“Échouage” or “Échouement”: a lexical choice in French or a crisis management strategy

Viard Beach, Petit-Bourg, on the left a sargassum “échouage” stranding (5/30/2018) on the right a sargassum “échouement” stranding (6/30/2019)

The lexicon around sargassum, the floating brown macroalgae moving under the effect of sea currents, tide and wind which can by decomposing in the absence of oxygen, produce ammonia (NH3) and sulphide hydrogen (H2S) is often always the same, especially from the least precise people and the most hypochondriac and alarmist ones.

Since 2011, massive stranding of stinking sargassum in the Caribbean have blocked ports and made beaches impassable for tourists, a real curse, this invasion is due to Sahara sand, climate change and deforestation in Brazil and West Africa […].

an anonymous journalist

This lexicon comprises false information, misunderstanding of marine processes, and malicious intent towards emerging countries.
But between 2018 and 2019 a word changed causing an upheaval in the perception of Sargassum at the coast, the fear of making a mistake and numerous difficulties both orally and in writing. The word “Échouage” has been replaced in official messages with “Échouement”.
We can wonder if this change in vocabulary is justified and really helps in a better representation of this natural phenomenon. English speakers must understand that both words can be translated by stranding.

First definition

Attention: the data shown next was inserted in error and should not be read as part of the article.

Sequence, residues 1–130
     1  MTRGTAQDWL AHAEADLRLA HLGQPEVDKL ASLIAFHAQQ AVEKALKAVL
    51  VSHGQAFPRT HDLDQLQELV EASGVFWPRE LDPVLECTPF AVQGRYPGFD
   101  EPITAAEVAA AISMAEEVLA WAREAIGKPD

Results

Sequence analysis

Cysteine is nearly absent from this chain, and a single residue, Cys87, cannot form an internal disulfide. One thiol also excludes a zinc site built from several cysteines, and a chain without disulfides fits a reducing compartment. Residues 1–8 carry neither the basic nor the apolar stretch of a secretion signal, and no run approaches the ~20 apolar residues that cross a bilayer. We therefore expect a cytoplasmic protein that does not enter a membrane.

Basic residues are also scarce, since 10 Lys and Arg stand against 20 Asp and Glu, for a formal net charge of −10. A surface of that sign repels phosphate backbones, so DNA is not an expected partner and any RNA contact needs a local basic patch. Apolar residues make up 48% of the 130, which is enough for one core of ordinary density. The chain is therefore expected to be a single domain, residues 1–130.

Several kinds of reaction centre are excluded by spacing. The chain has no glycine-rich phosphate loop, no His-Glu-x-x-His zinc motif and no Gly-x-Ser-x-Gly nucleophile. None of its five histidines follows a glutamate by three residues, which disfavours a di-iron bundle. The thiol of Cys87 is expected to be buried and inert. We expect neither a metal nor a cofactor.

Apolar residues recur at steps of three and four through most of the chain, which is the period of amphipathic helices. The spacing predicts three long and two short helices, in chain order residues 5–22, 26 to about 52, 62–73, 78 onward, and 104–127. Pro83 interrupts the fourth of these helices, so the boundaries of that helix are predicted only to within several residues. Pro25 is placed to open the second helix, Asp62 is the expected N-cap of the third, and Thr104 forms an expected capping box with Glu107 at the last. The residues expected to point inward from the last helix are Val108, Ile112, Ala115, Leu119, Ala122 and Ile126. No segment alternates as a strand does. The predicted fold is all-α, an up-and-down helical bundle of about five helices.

The definition given to the word “échouage” and the word “échouement” by Larousse [www.larousse.fr] is

Échouage, male name

  • 1. Contact with the bottom of a stationary vessel, following a lowering of the water level.
  • 2. Place where a boat or craft can run aground without danger.

Échouement, male name

  • 1. Sudden and fortuitous stopping of a ship in motion, which hits the bottom.

The Larousse website takes care to indicate the uses of these two words:

  • échouage“: the action of deliberately stranding a ship (to repair its hull, for example); the place where a ship can run aground without danger.
  • échouement“: Unintentional stranding.

This first definition suggests that a “échouage” would be voluntary and a “échouement” an involuntary stranding therefore the arrival of sargassum would be accidental, involuntary or even random. This vision is not verified on the ground, the areas of temporary and lasting stranding have been known since 2014 throughout the Caribbean and are still the same. They all correspond to areas where algae, floating plastic and vegetable waste can naturally wash up during low tide, during a period of wind loss or the passage of an anticyclone. In meteorology, the passage of an atmospheric depression or a cyclone produces a rise in sea level known as a surge, conversely, the passage of an anticyclone causes a decrease in sea level.

Second definition

On the website Le Robert (Dico en ligne) one find a second definition:

Échouage, male name

  • Situation of a ship which accidentally or intentionally hits the bottom and stops floating. Stranding port, in which ships must beach at low tide (by analogy) cetacean stranding.

Échouement, male name

  • Accidental stopping (of a vessel) by contact with the bottom.

This second definition indicates that the term “échouage” corresponds to a voluntary or involuntary action which causes one to stop floating, which is the case of pelagic sargassum algae which ceases to float in certain areas, due to lack of water but also follows the loss of their floaters (pneumatocyst) during its degradation phase. Robert’s definition also associates “échouage” with beaching ports, that is to say, places allowing boats to be dry at low tide, which is the case for many areas impacted by sargassum. We can cite small ports, such as that of Capesterre-Belle-Eau, and mangrove areas such as that of the town of the commune of Goyave.